Sarcoma is a very rare form of cancer. It is also different from most types of cancer because it occurs and grows in connective tissue. The cancer cells grow in parts of the body that support or connect other types of tissue to the body. While the tumors can appear anywhere, they are most commonly found in the muscles, bones, cartilage, tendons, fat, and nerves. They are also seen in the blood vessels of the legs and the arms. There are over 50 types of sarcoma and they are divided into three categories, bone sarcoma, soft tissue sarcoma, and osteosarcoma.
Who Is At Risk Of Developing Sarcoma?
It is unknown exactly what causes sarcoma, however, there are certain risk factors that make it more likely for people to develop this type of cancer.
- Radiation exposure: If you had radiation to treat a previous cancer, you are more at risk.
- Family history: If a member of your family had sarcoma, your chances of getting it are higher.
- Genetic disorders: Certain genetic disorders such as retinoblastoma, neurofibromatosis, Gardner syndrome, or Li-Fraumeni syndrome put you at greater risk.
- Bone disorder: If you have the bone disease called Paget’s disease, you are at risk of developing sarcoma.
- Age: Children and young adults are more prone to developing an osteosarcoma.
What Are the Symptoms of Sarcoma?
In its early stages, sarcoma doesn’t show any symptoms. They can be hard to spot because they can grow anywhere in your body. If it is a soft tissue sarcoma, the first sign would be a painless lump. As it grows larger, it can press against the nerves or muscles causing pain. An osteosarcoma shows symptoms much earlier than the other types. There would be pain in the effected bone that comes and goes. Also, the pain is often worse at night. The area can also swell.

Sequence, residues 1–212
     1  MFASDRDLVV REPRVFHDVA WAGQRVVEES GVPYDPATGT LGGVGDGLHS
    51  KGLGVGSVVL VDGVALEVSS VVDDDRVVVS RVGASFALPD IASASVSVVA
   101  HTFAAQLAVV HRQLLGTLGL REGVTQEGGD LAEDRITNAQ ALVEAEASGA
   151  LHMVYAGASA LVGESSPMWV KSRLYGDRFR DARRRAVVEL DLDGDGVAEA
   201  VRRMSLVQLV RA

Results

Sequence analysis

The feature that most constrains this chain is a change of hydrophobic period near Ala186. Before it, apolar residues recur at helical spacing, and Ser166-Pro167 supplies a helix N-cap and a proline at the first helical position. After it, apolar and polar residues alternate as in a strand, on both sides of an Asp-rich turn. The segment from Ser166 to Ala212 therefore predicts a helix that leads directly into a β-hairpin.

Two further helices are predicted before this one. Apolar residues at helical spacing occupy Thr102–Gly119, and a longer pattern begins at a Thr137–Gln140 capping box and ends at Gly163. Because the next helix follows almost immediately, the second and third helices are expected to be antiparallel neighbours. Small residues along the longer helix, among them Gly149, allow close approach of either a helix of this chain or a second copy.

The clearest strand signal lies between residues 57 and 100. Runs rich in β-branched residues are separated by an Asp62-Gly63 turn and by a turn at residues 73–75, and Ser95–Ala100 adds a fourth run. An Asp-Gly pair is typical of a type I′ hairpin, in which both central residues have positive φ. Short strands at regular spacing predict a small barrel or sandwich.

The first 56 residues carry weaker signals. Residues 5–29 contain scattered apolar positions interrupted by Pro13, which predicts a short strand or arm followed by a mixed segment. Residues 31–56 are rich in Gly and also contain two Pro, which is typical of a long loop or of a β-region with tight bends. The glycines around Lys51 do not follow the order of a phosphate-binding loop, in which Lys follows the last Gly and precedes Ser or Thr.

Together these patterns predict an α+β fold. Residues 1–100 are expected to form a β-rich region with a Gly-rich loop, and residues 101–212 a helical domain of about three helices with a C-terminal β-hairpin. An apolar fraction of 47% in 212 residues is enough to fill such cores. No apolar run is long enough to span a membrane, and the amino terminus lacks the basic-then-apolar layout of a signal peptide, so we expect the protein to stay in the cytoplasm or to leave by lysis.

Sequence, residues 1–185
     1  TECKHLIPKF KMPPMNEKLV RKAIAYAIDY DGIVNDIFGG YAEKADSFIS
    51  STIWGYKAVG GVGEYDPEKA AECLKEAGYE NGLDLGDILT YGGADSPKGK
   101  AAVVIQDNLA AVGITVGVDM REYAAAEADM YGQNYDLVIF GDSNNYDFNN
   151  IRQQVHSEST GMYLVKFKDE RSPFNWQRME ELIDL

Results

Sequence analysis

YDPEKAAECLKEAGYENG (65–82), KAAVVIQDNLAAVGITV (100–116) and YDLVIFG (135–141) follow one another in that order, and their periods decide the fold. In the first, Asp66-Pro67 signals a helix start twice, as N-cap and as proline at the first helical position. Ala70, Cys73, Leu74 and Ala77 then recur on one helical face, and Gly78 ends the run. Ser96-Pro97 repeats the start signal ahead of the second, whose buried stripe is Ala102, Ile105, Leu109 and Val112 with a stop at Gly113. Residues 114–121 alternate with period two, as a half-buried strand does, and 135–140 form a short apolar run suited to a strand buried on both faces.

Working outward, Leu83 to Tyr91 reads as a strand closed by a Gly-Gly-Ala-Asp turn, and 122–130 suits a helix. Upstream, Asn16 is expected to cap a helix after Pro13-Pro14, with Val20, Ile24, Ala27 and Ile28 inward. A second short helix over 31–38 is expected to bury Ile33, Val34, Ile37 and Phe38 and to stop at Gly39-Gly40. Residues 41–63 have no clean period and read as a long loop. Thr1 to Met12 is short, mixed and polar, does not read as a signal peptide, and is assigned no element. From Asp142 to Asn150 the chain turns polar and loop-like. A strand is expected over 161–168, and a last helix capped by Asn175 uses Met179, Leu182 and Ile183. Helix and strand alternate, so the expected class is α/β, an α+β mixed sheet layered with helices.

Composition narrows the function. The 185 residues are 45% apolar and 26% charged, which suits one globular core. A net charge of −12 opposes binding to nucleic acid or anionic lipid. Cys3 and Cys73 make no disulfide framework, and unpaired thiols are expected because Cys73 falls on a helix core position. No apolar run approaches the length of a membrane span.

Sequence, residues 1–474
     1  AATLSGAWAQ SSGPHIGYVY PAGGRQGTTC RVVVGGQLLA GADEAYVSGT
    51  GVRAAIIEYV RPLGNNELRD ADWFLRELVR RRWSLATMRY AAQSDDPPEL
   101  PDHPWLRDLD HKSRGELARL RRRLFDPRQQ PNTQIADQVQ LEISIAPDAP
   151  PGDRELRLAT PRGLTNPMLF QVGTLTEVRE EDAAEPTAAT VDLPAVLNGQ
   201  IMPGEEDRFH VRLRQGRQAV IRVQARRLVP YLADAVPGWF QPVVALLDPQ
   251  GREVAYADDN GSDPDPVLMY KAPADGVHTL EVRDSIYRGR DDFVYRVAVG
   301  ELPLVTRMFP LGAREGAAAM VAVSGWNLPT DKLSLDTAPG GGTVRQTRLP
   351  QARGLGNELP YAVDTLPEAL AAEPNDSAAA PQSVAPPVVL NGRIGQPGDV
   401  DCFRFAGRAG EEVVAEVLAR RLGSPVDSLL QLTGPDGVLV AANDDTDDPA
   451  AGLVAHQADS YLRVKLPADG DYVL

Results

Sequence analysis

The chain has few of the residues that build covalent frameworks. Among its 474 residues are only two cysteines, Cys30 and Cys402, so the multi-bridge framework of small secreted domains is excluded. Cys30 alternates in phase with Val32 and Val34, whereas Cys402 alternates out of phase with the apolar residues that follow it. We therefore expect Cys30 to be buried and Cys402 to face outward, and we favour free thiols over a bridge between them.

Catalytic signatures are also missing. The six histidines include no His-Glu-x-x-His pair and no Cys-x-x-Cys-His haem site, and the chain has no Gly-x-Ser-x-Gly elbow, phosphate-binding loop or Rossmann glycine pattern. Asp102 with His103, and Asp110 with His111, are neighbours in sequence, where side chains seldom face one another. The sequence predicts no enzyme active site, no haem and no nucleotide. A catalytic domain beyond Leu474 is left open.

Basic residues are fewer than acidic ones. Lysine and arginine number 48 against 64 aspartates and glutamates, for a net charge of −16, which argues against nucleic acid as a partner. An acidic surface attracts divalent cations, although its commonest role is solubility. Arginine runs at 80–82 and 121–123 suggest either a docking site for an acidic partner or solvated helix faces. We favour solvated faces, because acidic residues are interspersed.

What Is the Treatment For Sarcoma?
How the cancer is treated would depend on the type, where it is located, and whether or not it has spread to other parts of the body. The most common treatments include:
- Surgery: A doctor can perform surgery and remove the tumor from the body. It is possible for the doctor to remove the cancer cells, therefore, there would be no need for the effected limb to be amputated. If all of the cells cannot be removed, amputation might be your only chance of survivial.
- Radiation: If surgery isn’t an option, radiation is used. It can also kill any cells left behind after another treatment.
- Chemotherapy: Chemotherapy is used either with surgery or if surgery isn’t possible. It is also used if the cancer has spread.
- Targeted therapies: This is a relatively new treatment and the doctors use man made antibodies from the immune system. They are placed to block the growth of cancer cells without damaging any of the normal cells.
What is the Survival Rate For Someone With Sarcoma?
In most cases, soft tissue sarcoma can be cured with one surgery. If it is an aggressive tumor and the cancer has spread, it can be harder to treat. With osteosarcoma, if the cancer has not spread the survival rate is between 60 and 80 percent. If the cancer can be completely removed with surgery, the chance of a full recovery is excellent. If the cancer has spread to other parts of the body, the treatment would need to be more aggressive and the chances of being cured completely are much lower.
Sarcoma is a rare and serious type of cancer. If it is caught early enough, the chances of survival are great.